Evans and I didn't have an opportunity to explore how much the visit reconnected us because a couple of years later he died suddenly of a respiratory infection.

But McDermott and I reconnected from the moment he came into the workout room at the Pfister Hotel, saw me working out on the treadmill and rushed over, flashing a smile, and gave me a hug.

In the 15 years since that reunion, we have stayed connected, despite his living in New York and I in Bellevue. He reads my column regularly and reaches out to touch base and share thoughts on various sports, political or business things via phone or email.

So having spent three days of face time in the 62 years since I bid him goodbye and headed back to Spokane, McDermott, who remains a prof at Fordham Law School, has resumed being, and remains, one of my closest friends.

He may attend the 100-year celebration of MU track and field on June 10. I won't be able to be there.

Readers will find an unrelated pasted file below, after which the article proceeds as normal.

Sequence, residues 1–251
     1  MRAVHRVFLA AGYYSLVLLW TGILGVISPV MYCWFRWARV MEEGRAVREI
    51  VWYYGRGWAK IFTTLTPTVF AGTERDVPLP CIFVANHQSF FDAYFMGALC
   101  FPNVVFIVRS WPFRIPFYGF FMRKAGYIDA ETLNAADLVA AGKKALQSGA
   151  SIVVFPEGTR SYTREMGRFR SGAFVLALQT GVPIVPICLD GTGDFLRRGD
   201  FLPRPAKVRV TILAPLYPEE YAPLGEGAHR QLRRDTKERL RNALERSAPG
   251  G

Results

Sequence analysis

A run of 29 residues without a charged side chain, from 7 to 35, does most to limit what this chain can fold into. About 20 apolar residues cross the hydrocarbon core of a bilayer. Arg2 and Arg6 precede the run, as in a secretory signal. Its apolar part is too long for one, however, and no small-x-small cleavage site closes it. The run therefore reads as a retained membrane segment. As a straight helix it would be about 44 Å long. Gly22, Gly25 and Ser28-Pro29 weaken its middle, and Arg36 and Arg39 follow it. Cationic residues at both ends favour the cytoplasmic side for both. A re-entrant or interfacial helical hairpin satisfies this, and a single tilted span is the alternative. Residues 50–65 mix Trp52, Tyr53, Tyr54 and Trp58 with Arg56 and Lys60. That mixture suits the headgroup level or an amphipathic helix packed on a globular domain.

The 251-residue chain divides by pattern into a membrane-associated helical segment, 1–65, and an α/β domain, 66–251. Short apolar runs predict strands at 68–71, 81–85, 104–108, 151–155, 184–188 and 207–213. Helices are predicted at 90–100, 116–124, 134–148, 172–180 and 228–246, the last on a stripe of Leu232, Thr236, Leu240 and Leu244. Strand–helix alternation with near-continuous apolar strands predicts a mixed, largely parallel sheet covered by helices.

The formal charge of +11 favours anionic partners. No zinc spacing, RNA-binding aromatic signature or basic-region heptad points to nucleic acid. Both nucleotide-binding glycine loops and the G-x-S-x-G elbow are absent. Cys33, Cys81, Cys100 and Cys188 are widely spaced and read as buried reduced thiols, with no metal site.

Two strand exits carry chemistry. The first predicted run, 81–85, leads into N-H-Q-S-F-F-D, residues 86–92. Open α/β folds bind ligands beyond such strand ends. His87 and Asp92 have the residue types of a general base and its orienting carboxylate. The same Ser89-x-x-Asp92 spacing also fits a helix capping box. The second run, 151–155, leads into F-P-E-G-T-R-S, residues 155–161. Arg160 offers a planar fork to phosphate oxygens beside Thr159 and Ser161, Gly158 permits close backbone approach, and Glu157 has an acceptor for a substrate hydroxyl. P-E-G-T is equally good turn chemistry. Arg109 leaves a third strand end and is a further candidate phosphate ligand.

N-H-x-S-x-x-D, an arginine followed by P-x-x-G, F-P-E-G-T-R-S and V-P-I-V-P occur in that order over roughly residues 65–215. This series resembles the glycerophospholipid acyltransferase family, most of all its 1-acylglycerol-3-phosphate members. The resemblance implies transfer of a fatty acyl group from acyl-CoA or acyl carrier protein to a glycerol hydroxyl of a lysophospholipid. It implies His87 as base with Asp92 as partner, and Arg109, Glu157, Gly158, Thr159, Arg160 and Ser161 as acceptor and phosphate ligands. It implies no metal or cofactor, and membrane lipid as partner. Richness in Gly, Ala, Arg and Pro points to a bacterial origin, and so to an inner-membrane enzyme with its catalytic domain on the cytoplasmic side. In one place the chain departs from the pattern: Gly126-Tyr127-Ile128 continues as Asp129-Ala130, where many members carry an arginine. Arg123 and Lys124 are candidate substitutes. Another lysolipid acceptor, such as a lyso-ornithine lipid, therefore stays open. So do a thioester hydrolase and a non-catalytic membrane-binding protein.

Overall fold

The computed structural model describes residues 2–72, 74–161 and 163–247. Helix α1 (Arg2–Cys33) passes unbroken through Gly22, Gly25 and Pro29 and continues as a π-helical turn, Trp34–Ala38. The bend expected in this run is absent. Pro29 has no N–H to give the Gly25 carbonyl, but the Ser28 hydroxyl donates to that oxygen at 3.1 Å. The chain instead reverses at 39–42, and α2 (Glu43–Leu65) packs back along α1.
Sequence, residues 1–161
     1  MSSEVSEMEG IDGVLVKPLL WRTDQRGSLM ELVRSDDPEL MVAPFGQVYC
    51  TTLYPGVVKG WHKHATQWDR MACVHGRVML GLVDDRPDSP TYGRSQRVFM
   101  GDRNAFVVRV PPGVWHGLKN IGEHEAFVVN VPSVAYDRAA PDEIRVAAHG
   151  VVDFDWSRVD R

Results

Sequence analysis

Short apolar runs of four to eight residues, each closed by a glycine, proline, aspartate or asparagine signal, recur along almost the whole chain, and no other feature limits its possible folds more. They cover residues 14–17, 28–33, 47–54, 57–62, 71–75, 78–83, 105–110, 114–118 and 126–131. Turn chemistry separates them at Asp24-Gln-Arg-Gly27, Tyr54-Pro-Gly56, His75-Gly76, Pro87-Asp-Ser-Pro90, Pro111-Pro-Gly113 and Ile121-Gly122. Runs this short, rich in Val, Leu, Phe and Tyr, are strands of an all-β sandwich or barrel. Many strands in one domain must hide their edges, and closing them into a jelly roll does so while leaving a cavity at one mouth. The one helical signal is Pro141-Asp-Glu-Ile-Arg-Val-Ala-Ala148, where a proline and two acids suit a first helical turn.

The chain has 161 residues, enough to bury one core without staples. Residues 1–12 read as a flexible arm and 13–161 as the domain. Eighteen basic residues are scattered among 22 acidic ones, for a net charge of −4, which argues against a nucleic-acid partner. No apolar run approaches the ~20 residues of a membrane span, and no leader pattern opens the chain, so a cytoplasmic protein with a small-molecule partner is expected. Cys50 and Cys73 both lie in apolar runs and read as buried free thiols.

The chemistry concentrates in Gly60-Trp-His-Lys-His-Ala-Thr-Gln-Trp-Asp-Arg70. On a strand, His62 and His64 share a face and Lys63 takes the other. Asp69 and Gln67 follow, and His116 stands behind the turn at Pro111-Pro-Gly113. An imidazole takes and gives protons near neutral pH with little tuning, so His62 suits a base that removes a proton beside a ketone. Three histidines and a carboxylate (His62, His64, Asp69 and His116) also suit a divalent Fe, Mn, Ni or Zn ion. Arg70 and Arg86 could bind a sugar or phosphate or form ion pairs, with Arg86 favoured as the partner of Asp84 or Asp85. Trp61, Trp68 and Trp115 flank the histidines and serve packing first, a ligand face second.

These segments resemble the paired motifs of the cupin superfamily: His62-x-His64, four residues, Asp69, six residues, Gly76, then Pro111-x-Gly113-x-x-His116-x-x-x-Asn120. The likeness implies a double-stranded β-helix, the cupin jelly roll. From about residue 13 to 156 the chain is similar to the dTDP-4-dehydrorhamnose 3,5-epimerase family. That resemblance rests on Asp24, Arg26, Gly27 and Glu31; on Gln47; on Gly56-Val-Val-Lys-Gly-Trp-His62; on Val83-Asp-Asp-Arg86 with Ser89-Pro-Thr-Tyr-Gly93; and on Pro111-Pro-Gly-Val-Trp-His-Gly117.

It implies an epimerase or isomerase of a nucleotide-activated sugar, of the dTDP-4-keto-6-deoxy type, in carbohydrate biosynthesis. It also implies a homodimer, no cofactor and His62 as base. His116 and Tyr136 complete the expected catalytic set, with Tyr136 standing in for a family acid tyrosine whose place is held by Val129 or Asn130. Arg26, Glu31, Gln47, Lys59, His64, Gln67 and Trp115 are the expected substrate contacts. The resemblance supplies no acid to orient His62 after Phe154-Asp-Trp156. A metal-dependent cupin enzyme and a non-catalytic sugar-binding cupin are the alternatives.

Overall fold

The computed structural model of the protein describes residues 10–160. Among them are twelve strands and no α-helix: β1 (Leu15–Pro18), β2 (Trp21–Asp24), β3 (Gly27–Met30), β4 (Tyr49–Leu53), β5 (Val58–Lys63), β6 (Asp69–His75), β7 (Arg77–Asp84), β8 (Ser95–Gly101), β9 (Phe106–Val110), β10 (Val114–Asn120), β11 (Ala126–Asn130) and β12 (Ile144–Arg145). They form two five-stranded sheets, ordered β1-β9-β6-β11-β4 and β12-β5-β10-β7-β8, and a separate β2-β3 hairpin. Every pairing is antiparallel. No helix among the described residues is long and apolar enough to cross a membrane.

McDermott was also critical, still, of MU dropping football, noting in his letter to the A.D.:"

The football program Marquette saw fit to abandon so abruptly had produced nine NFL draft picks in the previous three years and two NFL players who became Pro Bowl stars from that final team. And the 1960 team had the nation's second-leading passer who was drafted by the New York Giants." his letter to the athletic director ended thus:

"Lest I be misunderstood, I have not lost my devotion to Marquette. Twenty years ago, my wife Mary Pat and I established an endowed Blue & Gold Scholarship for the benefit of members of the women's lacrosse team. We remain grateful for our education and experiences at Marquette, particularly our meeting in the Brooks Memorial Union."

And I remain grateful to Dick for our meeting and remaining close friends, although unusual in time and distance.